I have a fancy Garmin-made BMW sat nav on my R1200GS, which works with a thumb-wheel control on the left-hand bar. However, a police friend of mine told me that, notwithstanding the thumb ring, if I operated the sat nav while riding I would be committing an offence.
I know that a sat nav is not treated the same as a mobile phone by the law but if I fiddle with my sat nav, am I really committing an offence?
A fixed sat nav is a different beast in law to a mobile phone but there is still plenty of scope for it to get you in trouble. Using your thumb to operate the wheel control on your Teutonic beast to interact with the sat nav is unlikely to attract the attention of the police, not least because you are not fiddling with your hands off the bar.
However, it is still unwise to fiddle about with your sat nav at all with your eyes off the road because if you have a little wobble as a result, you could be deemed to be driving without due care and attention, if the police do spot you.
If you have a minor prang because you’re looking at the screen and not the road, things could be a lot worse than just losing your no-clalms bonus or making your GS look even more rugged… However, if you explain to any friendly police officer attending the scene that you were distracted by the GPS controls, he will cheerfully nick you for another offence, namely driving without proper control.
This is also the offence I would expect you to be charged with if you – or owners of bikes without your BMW’s handlebar control – are spotted jabbing your sat nav’s screen by removing your hand from a moving motorcycle’s handlebars. The law is set out in Section 41D of the 1998 Road Traffic Act, which makes it an offence to drive a motor vehicle in a position that does not give proper control.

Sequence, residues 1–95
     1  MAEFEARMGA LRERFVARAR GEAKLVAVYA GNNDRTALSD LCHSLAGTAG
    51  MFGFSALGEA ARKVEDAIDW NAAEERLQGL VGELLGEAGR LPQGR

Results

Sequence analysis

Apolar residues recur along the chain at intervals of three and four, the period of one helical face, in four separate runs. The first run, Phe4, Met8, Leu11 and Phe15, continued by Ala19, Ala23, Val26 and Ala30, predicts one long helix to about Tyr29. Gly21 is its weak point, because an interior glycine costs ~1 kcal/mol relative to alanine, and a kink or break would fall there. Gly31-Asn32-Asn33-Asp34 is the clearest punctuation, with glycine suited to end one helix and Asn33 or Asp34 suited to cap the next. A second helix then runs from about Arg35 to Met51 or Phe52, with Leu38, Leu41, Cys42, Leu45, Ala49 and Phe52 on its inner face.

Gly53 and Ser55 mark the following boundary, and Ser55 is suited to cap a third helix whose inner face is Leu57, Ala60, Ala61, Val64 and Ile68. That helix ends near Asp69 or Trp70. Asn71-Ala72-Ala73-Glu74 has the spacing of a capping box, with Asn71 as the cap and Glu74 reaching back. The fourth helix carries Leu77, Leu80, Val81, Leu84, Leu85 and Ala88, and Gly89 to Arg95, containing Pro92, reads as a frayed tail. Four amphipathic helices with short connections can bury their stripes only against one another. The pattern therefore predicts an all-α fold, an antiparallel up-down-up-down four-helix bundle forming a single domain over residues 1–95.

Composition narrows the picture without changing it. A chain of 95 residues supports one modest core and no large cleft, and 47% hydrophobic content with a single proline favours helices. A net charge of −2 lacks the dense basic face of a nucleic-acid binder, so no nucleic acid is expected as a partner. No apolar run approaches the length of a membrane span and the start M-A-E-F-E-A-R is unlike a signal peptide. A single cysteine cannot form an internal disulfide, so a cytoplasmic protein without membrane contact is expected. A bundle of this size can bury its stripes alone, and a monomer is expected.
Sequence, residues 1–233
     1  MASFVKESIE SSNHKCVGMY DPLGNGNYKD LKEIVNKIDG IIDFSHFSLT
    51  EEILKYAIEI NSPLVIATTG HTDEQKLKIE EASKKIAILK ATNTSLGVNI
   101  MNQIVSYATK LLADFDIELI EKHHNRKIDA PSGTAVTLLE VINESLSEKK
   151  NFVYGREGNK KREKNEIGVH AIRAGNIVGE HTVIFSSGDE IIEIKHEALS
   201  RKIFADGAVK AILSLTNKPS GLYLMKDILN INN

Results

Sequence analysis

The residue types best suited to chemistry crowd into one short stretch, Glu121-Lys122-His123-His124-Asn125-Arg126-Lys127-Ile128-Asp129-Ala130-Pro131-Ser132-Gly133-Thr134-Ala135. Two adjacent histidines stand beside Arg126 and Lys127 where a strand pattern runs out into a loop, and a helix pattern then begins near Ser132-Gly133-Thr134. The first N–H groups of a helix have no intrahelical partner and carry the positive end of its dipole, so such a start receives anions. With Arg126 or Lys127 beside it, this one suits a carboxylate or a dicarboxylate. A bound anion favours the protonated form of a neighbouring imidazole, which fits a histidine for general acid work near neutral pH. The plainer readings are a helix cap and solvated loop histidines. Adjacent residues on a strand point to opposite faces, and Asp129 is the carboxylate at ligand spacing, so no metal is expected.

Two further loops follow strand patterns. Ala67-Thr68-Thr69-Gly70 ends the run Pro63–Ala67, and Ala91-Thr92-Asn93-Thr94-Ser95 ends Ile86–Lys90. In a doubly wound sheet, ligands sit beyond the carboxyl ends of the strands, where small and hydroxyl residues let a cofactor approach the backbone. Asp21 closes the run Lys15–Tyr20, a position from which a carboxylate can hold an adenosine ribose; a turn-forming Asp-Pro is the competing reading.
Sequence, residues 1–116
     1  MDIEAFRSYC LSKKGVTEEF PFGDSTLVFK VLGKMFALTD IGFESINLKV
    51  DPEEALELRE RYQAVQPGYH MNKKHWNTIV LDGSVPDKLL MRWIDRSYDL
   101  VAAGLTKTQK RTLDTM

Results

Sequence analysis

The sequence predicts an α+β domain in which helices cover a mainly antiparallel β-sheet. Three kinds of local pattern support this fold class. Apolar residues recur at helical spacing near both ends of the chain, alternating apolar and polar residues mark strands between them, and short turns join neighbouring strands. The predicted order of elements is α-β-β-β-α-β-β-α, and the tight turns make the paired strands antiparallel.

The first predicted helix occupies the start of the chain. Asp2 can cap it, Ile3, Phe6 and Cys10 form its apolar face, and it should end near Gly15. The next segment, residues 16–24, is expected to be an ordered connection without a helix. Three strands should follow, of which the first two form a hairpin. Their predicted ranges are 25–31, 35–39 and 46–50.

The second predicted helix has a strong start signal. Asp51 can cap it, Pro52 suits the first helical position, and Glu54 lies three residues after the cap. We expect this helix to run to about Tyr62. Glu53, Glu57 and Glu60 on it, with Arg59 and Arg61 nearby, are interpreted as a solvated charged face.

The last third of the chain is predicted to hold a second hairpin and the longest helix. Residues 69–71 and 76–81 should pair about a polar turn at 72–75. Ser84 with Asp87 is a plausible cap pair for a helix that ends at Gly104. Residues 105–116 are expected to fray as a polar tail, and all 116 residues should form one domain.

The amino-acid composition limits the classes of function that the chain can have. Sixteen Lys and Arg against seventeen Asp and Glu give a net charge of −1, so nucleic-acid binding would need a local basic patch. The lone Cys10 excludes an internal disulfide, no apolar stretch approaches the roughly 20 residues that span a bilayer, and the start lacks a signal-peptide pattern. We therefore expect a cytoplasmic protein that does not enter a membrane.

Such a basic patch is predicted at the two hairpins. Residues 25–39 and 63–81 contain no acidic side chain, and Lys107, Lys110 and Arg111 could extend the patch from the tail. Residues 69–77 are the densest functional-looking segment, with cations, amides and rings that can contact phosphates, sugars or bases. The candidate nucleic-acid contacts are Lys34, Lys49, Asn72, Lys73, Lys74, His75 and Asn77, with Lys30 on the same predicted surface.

As riders, we’d all try to argue that we can have proper control with one hand on the handlebars, covering the throttle and the brake – after all, we use our left hands to wipe rain off visors or operate drop-down sunvisors while riding. However, those are quick operations and the truth is we’re not able to use the clutch and a proportion of our steering input is lost for as long as one hand is off the bars, which could be a while if you’re playing with the sat nav. On balance I would say that’s enough for most magistrates to convict you if you were caught operating your sat nav while riding.
The other aspect of this offence rests on whether or not you have a full view of the road. Well, that’s pretty unlikely if you’re staring at your sat nav to see what you are jabbing at. That would make it hard to argue it’s not driving without proper control.
In short, using the touchscreen of your sat nav while riding means you are very probably committing an offence. You could have some potential defence arguments but I would not want to test them. Proper control would usually mean using the bike in the way it was designed to be used, with all controls covered. If I were you I’d leave the sat nav well alone when riding, even with your BMW magic ring of joy. Keep your eyes on the road, both to keep your licence points-free and to avoid the embarrassment of picking up a felled giant motorcycle if it all goes awry.
RiDE Magazine March 2018